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May 4, 2013

Local dermatologist emphasizes importance of skin self-examinations

May is National Skin Cancer Awareness Month

CUMBERLAND — Melanoma Monday is the first Monday in May. The SPOT Orange campaign, sponsored by the Academy of Dermatology, is designed to raise public awareness about malignant melanoma, a potentially fatal form of cancer, and encourages early detection through self-examinations.

May is also National Skin Cancer Awareness Month. An estimated one in five Americans will be diagnosed with skin cancer during their lifetime and, on average, one person dies from melanoma — the deadliest form of skin cancer — every hour.

Melanoma occurs from skin growths know as moles. Early detection is key, as melanoma has a 98 percent cure rate when discovered early. Undetected, melanoma can be fatal. It is estimated that about 75 percent of skin cancer deaths are from melanoma. In 2013, it is expected that 9,480 deaths will be attributed to melanoma — 6,280 men and 3,200 women. The World Health Organization estimates that more than 65,000 people a year worldwide die from melanoma.

Melanoma can appear suddenly without warning or it can develop from an existing mole. If you spot anything changing, itching or bleeding, see a dermatologist. Melanoma can occur anywhere on the body but are most common on the upper back, torso, lower legs, head and neck.

Before age 40, melanoma incidence rates are twice as high in women as men; after 40, the incidence rate becomes higher in men. Caucasian men over 50 are in the highest risk category of developing melanoma. Melanoma is the most common form of cancer for young adults 25-29 years old and the second most common form of cancer for adolescents and young adults 15-24 years old.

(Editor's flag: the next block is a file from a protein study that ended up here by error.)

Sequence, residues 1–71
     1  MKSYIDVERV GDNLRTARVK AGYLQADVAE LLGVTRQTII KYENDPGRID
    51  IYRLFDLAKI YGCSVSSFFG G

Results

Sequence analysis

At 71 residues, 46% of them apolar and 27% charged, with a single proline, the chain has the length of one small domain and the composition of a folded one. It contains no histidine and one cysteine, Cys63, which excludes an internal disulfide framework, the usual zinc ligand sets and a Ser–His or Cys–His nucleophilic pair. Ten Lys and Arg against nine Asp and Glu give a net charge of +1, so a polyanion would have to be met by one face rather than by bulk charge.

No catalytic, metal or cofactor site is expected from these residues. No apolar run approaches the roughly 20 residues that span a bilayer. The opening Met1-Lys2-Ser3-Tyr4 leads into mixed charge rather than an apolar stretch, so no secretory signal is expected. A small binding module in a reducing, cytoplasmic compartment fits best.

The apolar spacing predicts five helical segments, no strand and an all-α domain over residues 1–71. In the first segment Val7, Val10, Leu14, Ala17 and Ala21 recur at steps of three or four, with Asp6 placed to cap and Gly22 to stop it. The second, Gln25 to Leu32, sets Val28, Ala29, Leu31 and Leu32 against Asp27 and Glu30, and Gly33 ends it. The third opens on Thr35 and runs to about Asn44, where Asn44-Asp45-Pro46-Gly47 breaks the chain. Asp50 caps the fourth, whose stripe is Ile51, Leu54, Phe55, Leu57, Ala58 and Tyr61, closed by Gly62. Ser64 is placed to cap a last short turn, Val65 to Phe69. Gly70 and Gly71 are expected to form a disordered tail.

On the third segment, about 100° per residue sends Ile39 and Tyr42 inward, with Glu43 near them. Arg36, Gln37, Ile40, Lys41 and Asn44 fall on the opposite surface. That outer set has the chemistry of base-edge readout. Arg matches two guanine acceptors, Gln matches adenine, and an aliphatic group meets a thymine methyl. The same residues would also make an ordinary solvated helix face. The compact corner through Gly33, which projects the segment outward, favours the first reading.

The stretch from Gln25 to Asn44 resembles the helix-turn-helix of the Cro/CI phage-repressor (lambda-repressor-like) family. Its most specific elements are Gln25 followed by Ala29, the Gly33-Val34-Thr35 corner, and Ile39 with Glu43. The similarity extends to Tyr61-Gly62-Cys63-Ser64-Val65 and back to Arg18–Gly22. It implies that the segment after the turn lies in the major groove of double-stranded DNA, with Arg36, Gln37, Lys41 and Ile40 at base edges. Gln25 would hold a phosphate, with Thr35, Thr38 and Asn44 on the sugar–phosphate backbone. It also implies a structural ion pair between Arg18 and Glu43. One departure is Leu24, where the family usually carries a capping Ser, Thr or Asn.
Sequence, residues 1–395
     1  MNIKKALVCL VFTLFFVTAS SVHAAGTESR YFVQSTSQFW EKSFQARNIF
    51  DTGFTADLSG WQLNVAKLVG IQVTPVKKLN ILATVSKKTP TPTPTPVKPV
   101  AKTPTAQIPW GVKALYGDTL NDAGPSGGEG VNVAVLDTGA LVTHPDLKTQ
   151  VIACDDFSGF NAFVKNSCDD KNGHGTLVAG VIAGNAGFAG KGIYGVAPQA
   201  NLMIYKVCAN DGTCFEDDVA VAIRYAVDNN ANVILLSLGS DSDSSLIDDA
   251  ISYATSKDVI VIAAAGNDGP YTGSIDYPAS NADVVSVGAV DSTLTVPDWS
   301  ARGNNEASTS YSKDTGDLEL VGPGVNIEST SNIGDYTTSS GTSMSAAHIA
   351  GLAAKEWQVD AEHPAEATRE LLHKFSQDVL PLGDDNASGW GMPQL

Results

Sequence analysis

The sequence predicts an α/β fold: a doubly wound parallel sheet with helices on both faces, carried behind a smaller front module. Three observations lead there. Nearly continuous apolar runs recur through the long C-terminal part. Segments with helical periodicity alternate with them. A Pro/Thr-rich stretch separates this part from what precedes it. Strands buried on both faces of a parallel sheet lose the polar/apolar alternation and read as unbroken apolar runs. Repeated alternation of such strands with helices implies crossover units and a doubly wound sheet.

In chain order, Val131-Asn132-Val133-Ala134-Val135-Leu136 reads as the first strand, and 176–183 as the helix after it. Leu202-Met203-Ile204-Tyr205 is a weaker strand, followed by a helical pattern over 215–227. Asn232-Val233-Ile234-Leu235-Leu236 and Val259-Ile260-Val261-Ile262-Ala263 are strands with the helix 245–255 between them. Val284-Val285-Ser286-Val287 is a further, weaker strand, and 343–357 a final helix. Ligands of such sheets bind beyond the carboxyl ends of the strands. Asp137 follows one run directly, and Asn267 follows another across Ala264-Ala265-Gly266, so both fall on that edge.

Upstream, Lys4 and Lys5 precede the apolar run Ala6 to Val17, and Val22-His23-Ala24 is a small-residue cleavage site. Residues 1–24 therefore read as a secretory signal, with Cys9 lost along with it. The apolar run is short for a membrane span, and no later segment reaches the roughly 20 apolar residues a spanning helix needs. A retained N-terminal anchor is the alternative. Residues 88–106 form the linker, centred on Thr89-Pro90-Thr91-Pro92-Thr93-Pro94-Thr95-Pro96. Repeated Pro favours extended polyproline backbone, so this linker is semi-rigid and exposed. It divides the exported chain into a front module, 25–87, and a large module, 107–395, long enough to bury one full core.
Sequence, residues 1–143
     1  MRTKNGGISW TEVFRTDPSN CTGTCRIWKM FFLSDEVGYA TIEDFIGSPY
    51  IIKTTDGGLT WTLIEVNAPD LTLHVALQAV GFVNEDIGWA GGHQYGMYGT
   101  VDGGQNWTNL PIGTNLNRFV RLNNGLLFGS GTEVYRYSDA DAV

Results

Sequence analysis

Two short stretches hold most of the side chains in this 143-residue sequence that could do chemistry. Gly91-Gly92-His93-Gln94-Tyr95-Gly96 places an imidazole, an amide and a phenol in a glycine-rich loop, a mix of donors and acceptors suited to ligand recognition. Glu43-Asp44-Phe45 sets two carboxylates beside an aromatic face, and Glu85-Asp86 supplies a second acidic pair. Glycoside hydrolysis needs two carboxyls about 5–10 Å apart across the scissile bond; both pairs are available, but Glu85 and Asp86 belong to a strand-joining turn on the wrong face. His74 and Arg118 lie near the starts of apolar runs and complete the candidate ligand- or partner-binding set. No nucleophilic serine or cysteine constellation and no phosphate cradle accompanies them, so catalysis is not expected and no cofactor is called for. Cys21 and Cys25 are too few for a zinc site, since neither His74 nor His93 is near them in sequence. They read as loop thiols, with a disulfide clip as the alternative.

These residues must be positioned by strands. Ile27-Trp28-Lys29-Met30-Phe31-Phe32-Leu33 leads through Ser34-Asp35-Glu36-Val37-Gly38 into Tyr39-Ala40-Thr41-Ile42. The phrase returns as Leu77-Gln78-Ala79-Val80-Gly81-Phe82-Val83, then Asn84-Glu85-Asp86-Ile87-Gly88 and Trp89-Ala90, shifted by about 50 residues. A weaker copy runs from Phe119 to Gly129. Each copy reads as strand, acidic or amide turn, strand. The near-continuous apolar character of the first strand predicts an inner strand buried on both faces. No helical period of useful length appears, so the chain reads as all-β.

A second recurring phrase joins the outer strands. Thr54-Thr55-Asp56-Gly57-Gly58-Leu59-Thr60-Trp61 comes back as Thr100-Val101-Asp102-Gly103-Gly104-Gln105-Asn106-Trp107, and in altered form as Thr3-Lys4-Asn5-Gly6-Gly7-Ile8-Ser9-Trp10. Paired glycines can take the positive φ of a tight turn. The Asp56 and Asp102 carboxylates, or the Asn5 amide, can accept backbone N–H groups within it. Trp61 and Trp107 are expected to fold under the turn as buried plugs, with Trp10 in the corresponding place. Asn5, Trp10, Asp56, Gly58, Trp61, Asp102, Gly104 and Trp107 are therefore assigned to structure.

It can strike anyone but there is an increased risk for individuals who have red or blond hair and/or blue or green eyes; have greater than 50 moles, large moles or unusual moles; have a blood relative who has had melanoma; have had a previous diagnosis of melanoma or other forms of skin cancer; or have had other previous cancers, such as breast or thyroid cancer.

The major risk factor for melanoma is ultraviolet light exposure. Daily sunscreen use cuts the incidence of developing it in half. Exposure to tanning beds increases the risk, especially in women ages 45 and younger. The American Academy of Dermatology encourages everyone to protect their skin by applying sunscreen, seeking shade and wearing protective clothing.

“Follow your ABCs, but remember change, change, change,” said Dr. Sean McCagh, dermatologist at McCagh, Roberts and Herring Dermatology Center. “Now is the time to look yourself over. With the arrival of spring and summer approaching, more people will be exchanging their sweaters and sweatshirts for T-shirts and short sleeves. Now is the time to look your skin over and to encourage your friends and family to do the same. If you see something that looks funny, check it out. Many of the melanomas we see at McCagh, Roberts and Herring are on people who knew they had a funny-looking mole or who didn’t listen to family and friends who told them to see a dermatologist until it was too late.”

The ABC warning signs of melanoma are:

A: Asymmetry — one half does not match the other

B: Border Irregularity — the edges are ragged, notched, blurred or fuzzy. Moles are star-shaped or clam-shaped.

C: Color or Change — the color is not uniform.

D: Diameter — most melanomas are greater than 6 millimeters or larger than a pencil eraser. Some are smaller.

E: Expanding/Evolving — a mole or skin lesion that looks different from the rest or is changing in size, shape or color.

“Preventing skin cancer doesn’t mean you can’t go out and enjoy yourself in the sun,” McCagh added. “It just means you should follow some precautionary steps.” Those steps include generously applying a broad spectrum, water resistant sunscreen with at least SPF30 to all exposed skin and reapplying every two hours, even on cloudy days and after swimming or sweating.

Wear protective clothing, long-sleeve shirts, pants, wide-brimmed hats and sunglasses. Seek shade, especially between 10 a.m. and 4 p.m. Get vitamin D through a healthy diet than may include vitamin supplements. Don’t seek the sun. Avoid tanning beds. Check your birthday suit on your birthday and the first time you go swimming every year. If you have concerns, make an appointment with your dermatologist.

For more information on melanoma and other skin cancers, visit online the American Academy of Dermatologists at www.aad.org.

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